Here's the last pile of photos from Canada:an arty shot of a reflection of one building in the windows of another which I spotted entirely serendipitously through the hotel window.
It's taken me a long time to sort through my photos from last year's holiday, but here's another installment:
I started the Canadian part of the trip in Halifax on the Atlantic coast, and passed through Quebec City, Montreal and Toronto. Mostly this was day-train hops, though Halifax to Quebec City is a nice single-night sleeper train. From Toronto I went on a day tour that took in Niagara Falls -- it is as full of tourists as you might expect but worth seeing anyway.
Toronto to Jasper is the main event of this rail holiday -- three nights on the same train. Most of the photos in that album are taken from train windows. The section on the approach into Jasper is amazingly beautiful. After a couple of weeks of hectic "see stuff, move on to next place" it was very relaxing to know I had nothing to do except sit on the train, eat the pretty good restaurant car food, and gaze out of the window. Highly recommended if you like scenic train journeys.
Album three is a day's worth of photos from Jasper National Park. I have more of these in the pile of photos I haven't yet sorted through...
The first part of my holiday (all the way back in September) involved a brief stopover in Iceland, and I've finally sorted through and uploaded the photos: all in one big album.
I had three days on Iceland, so I did a day tour of the south coast, a day in Reykjavik, and a day on the Snaefellsnes peninsula. The photos here are all south coast and Snaefellsnes because Reykjavik itself isn't as photogenic as the rest of the country. Weather was pretty good for Iceland -- one day of sunny tshirt weather, one cloudy, and one that alternated sun and rain (but when it was raining it was definitely raining).
Photos from the second part of the holiday (across Canada by train) will follow at some point.
I got distracted from sifting through holiday photos, but here finally are the last two albums from my Scotland holiday back in May:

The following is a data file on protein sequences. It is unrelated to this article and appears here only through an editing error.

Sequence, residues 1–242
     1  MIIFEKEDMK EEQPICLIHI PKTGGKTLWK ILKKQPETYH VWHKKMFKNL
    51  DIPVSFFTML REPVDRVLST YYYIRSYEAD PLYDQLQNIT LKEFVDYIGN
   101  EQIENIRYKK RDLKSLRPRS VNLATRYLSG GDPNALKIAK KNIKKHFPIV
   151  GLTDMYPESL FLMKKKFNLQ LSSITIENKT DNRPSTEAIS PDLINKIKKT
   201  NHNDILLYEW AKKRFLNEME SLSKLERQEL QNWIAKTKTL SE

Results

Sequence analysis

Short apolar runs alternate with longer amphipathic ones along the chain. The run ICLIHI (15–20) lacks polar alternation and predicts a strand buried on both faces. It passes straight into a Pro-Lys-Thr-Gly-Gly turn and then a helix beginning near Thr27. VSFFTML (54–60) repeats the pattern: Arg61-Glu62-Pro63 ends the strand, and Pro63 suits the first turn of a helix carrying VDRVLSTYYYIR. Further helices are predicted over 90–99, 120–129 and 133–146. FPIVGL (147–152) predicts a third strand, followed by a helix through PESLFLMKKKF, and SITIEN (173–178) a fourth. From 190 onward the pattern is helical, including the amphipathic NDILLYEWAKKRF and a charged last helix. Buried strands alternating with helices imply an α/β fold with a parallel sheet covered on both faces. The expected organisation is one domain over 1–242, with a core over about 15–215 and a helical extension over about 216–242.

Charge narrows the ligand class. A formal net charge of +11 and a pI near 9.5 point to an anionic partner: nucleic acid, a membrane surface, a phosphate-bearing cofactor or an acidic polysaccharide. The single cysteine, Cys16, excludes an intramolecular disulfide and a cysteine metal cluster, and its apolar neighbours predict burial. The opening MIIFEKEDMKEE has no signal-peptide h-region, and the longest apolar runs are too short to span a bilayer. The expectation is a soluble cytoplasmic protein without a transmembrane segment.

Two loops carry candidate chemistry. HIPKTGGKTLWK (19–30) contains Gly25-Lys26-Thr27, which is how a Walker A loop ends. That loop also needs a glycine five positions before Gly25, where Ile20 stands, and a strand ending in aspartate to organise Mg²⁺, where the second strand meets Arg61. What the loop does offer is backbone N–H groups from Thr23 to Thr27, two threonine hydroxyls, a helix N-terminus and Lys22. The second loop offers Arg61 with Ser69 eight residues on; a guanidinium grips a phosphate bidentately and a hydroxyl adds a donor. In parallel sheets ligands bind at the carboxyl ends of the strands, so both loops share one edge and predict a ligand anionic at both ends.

The Orkney set includes photos of the Grain Earth-House, an iron age underground cellar that would have originally had a roundhouse on top of it, and also the Wideford Hill cairn. Both of these are "minor" as Orkney archaeology goes (the Earth-House is actually kept locked up and you have to get the key from a local cafe), which meant I was the only person there.
Another batch of holiday photos:
- Kyle of Lochalsh and Plockton
- Rocks on the beach at Thurso
- The isle of Hoy (as seen from the ferry to Orkney)
- St Magnus Cathedral, Kirkwall, Orkney
Plockton's a very pretty little harbour town, and the hotel was right on the harbour front. While I was there there was a wedding on, with the ceremony conducted out on a boat -- luckily they had the weather for it. (Apparently the couple had been coming to Plockton for some years for holidays so they decided to have their wedding there too, and I could see why.) There's also a photo in that set of a wind turbine blade being unloaded at Kyle of Lochalsh -- you don't realise how big those things are until you see one up close at ground level.
Moving on to Thurso the weather was a little bit more cloudy. On the coast you can see how the local rock naturally forms slab-like layers which make perfect flagstones.
St Magnus Cathedral has an impressive collection of 'memento mori' tombstones. (There are more photos of other bits of Orkney to come in the next batch.)